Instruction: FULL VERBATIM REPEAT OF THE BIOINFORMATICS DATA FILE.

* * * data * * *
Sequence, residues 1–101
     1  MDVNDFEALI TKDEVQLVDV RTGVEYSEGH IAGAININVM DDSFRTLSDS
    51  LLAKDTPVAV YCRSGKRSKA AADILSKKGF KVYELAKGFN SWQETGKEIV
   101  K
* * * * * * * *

Sequence, residues 1–101
     1  MDVNDFEALI TKDEVQLVDV RTGVEYSEGH IAGAININVM DDSFRTLSDS
    51  LLAKDTPVAV YCRSGKRSKA AADILSKKGF KVYELAKGFN SWQETGKEIV
   101  K